I was just back from Virginia, and I was lucky enough to see the first day of the GOP Convention.
It was a beautiful day, with lots of sunshine, and plenty of traffic.
There were plenty of people out and about, with the occasional sign that read, “Vote for your local Republican,” or “Vote the way you see fit.”
But most of the time, people just walked around, taking photos and talking.
They were the normal people you’d expect to see in a convention, and they didn’t show up to support the presumptive nominee.
But in a rare moment of political solidarity, they did show up.
A lot of people who don’t normally come out and vote for Republicans were at the convention to show their support for their candidate, and to hear what his ideas are.
There was a young woman with her face painted black on a giant poster of Donald Trump, and there was a woman in a pink and purple hat holding up an “I Voted” sign.
A woman was dressed in a red and white suit, holding a microphone and holding up a sign with her name.
And in between the convention and the voting booths, there was an activist who took photos of people holding up signs that read: I Voted for Trump, I voted for my country.
Trump supporters, who had been chanting his name and waving signs for hours, had been getting into a heated argument with people outside the convention.
People were angry, and frustrated, and it was pretty clear that some of the Trump supporters were just getting angry.
One man stood up and told me that I was going to be killed if I didn’t vote for Trump.
He was standing in front of a large group of Trump supporters.
He told me, “Don’t you know who I am?
I am the one who voted for Donald Trump.”
This is not just a Trump problem.
The people I talked to at the conference were angry that they weren’t able to express their feelings in a way that was more inclusive.
They had been so vocal and so vocal about their feelings, and their anger and their frustration, that the people outside who weren’t so vocal were starting to get frustrated and get angry at them, too.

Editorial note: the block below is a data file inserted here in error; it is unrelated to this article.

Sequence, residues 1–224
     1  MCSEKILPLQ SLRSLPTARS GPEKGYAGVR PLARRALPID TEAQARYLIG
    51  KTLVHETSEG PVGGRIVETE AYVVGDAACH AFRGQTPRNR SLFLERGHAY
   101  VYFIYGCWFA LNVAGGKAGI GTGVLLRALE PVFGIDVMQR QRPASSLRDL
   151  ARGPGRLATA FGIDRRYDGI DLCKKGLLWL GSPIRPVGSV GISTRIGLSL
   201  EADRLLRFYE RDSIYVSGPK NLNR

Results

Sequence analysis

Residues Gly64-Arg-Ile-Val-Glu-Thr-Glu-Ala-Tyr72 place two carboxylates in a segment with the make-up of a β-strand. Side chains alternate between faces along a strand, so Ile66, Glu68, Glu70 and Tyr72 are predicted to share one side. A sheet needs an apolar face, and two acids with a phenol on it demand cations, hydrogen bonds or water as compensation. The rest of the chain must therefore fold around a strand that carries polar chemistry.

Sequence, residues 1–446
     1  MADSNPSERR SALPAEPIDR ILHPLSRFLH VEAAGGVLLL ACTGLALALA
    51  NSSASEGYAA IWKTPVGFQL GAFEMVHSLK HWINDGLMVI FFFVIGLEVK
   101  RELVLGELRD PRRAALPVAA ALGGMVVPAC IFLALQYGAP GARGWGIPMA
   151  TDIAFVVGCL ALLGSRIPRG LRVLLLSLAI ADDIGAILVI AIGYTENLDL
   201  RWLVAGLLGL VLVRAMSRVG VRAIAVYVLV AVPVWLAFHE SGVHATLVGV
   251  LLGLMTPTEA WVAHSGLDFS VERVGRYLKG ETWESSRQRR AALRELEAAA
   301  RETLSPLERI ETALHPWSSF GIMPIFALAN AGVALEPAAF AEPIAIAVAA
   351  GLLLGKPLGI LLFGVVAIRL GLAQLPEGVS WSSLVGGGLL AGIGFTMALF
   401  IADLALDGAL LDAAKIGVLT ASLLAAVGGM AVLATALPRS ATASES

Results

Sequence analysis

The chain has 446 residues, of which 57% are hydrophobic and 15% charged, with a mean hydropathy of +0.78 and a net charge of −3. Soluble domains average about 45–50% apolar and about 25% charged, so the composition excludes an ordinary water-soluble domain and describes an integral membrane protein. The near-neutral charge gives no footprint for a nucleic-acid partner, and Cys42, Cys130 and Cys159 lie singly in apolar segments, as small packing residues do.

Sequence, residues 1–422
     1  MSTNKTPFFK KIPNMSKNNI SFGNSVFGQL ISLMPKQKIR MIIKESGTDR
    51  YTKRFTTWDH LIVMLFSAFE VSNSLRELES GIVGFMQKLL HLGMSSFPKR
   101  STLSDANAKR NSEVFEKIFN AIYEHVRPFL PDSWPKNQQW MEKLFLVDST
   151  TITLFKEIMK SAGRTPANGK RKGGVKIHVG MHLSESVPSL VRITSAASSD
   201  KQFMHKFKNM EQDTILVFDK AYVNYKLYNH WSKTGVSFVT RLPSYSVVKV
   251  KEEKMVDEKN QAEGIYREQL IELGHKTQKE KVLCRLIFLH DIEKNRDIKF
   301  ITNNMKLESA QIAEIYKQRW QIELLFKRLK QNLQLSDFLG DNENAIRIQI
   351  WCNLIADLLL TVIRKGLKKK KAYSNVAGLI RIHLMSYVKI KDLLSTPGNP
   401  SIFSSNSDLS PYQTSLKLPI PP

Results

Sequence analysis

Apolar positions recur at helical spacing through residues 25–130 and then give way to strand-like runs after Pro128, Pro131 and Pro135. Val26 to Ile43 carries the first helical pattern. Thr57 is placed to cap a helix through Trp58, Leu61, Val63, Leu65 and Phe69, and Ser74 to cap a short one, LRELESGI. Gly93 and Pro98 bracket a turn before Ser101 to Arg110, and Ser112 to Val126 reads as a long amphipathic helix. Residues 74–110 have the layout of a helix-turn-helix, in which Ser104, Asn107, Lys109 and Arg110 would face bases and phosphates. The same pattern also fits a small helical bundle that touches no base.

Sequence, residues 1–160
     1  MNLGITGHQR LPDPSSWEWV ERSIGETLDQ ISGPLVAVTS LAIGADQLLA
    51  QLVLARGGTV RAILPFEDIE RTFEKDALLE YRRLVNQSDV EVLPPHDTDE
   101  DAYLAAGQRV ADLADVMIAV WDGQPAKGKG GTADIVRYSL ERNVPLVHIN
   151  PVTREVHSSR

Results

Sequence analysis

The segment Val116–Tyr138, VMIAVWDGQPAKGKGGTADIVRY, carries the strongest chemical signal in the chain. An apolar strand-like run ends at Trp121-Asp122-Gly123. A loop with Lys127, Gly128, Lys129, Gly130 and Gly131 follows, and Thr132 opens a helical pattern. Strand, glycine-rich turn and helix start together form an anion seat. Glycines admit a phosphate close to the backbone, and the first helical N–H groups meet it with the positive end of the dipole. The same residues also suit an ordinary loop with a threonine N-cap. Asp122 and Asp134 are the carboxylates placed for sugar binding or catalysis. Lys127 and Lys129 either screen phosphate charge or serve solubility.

There are a lot of Trump voters in the states that Trump won.
They are very angry about how Trump has been running his campaign, and how Trump supporters have been running their campaigns, and have been making their voices heard.
They’ve been vocal.
They have been frustrated.
They want more voices.
When I asked people who I thought would vote for me what they thought about me, most people said they would vote against Trump, but they were worried that the Republican Party would do everything in its power to undermine me.
They thought that if they supported Trump, they were helping him, and that the Trump movement was helping the Trump campaign.
They wanted to keep their mouth shut.
I got to tell you, I thought it was going really well.
I think it’s really important to be vocal and to have your voices heard, and in many ways, I was surprised that people actually listened to what I was saying.
They didn’t feel as though they were being heard, but that was OK.
They believed that I would be a voice for them.
They just wanted to hear me.
I wasn’t really expecting it to be a lot, but I think that’s the reason why I’m here.
The Trump campaign was already doing everything in their power to get me fired.
The Republican Party has been trying to destroy me since the day I announced my candidacy.
The fact that they think that they can ruin my candidacy because I’m a woman or because I’ve voted against Trump is ridiculous.
I voted with my conscience.
I was a Republican for over 20 years.
I’ve always supported Republicans.
I’m not going to support Donald Trump.
I didn’t get the chance to speak to anyone on the Trump side, and most people I spoke to were pretty surprised that I had any say at all in the campaign.
It’s not that they didn, but it’s not something that they expected to hear.
The only people I got close to were people who worked for Trump in the past, and people who had endorsed Trump, like David Bossie, the former campaign manager for Jeb Bush.
I thought he would be more helpful to me than they were.
But when I got closer to him, I found out that he had worked on Jeb Bush’s 2008 presidential campaign.
He worked on Trump’s 2008 campaign as well.
And I think he really did give me a lot more insight into the strategy that was being used against me.
It didn’t surprise me, because the strategy was always going to target me.
In the end, I think people in the Trump camp felt that it was their job to do everything possible to undermine and undermine me, to try and keep my mouth shut and keep the media out of my campaign, to keep the people out